How to Root Lilacs

By Renee Gerber , last updated May 4, 2011

If you grow lilacs in your garden and are interested in creating a new plant, you can take cuttings and root them to start anew. Keep in mind that lilacs will thrive and grow for as long as a century, so make sure you have adequate room for new plants. If you are planning on growing more lilacs from cuttings of your already existing healthy plants, you will first have to know the proper way to root them.

Take your lilac cuttings and set them aside for the time being. Locate a good pot that is four inches wide and fill it with a soil mixture that includes sand, peat and vermiculite. Make the sand somewhat moist but not exactly wet, and create holes that are evenly spaced in the dirt. These holes will be where your cuttings will be planted.

Cut a piece of a plastic soda two liter bottle from its top to use as a miniature greenhouse roof that will be placed on top of the pot containing the cuttings. Remove the leaves from the bottoms of your lilac cuttings and dip them into a rooting compound. Next, slip each of these into the holes you created in the soil in the pot.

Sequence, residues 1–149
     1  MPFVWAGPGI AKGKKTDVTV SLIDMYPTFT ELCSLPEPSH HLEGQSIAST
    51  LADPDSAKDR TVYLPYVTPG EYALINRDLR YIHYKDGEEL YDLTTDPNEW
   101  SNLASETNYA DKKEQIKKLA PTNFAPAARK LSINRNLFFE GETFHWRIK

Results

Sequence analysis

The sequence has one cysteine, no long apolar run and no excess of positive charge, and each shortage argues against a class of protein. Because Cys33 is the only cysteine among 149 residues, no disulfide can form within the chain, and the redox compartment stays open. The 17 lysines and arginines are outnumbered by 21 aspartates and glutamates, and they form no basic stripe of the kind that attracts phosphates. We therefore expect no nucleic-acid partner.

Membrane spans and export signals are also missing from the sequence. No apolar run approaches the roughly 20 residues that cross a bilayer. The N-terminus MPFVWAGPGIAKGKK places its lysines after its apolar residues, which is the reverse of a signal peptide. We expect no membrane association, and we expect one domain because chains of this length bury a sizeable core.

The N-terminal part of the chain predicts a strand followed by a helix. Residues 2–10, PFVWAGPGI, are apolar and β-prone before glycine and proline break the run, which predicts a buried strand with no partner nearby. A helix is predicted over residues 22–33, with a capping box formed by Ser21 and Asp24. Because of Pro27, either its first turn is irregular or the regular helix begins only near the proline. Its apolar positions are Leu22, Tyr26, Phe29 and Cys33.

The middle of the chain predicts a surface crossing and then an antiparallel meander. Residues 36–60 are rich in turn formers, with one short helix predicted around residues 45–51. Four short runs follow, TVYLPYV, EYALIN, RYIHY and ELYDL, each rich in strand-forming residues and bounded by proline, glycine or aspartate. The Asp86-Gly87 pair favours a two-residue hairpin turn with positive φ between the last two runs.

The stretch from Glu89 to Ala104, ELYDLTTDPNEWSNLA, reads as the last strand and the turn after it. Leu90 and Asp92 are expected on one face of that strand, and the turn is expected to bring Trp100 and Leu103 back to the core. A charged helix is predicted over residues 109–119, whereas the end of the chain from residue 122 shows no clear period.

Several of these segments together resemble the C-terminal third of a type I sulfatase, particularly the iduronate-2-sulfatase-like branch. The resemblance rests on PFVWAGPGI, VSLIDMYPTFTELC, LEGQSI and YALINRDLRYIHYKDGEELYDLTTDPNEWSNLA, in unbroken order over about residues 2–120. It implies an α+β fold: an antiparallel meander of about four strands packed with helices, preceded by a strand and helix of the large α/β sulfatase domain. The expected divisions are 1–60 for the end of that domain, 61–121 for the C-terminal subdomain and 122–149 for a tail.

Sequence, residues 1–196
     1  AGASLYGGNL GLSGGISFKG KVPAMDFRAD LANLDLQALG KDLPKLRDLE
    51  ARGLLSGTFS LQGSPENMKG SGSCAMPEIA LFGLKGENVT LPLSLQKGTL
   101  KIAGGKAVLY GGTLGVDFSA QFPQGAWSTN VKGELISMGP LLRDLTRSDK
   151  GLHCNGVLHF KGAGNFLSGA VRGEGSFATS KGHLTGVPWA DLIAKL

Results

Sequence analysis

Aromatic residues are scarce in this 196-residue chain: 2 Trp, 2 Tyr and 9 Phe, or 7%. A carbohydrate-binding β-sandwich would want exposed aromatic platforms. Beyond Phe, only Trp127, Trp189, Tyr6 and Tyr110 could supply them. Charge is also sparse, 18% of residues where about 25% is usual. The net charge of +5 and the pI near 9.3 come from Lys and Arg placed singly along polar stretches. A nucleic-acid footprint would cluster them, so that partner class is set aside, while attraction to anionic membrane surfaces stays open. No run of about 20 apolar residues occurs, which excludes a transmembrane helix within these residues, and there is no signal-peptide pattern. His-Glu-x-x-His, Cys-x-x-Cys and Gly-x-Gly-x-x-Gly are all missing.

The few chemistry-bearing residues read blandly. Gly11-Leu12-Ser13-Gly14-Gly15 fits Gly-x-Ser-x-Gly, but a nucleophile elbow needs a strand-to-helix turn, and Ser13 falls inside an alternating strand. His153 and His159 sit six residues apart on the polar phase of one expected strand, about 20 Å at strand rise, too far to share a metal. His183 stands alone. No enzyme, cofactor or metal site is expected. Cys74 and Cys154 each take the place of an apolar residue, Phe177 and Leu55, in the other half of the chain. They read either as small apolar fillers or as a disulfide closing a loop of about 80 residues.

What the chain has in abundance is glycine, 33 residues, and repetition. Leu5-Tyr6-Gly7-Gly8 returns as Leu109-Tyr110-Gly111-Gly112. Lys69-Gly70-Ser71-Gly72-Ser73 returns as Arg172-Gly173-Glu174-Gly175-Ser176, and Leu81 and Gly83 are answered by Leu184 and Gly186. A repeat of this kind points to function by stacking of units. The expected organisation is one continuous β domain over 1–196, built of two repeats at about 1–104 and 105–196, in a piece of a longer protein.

Cover up your lilac plant cuttings with the plastic bottle piece. Make sure to adjust it so that it is upside down, and the spout is slightly buried into the soil mixture to keep it in place. You should then place the pot in a windowsill in a room where it will receive a good amount of sunlight and warmth. This should be left in place for between eight and 12 weeks. You can expect the cuttings to gradually form roots in the soil during this time.

After the 12 weeks are up, you can transplant your cuttings once you see new growth emerging. Make sure to fill the bottom of the new pots with pea gravel before you apply the soil for transplantation.

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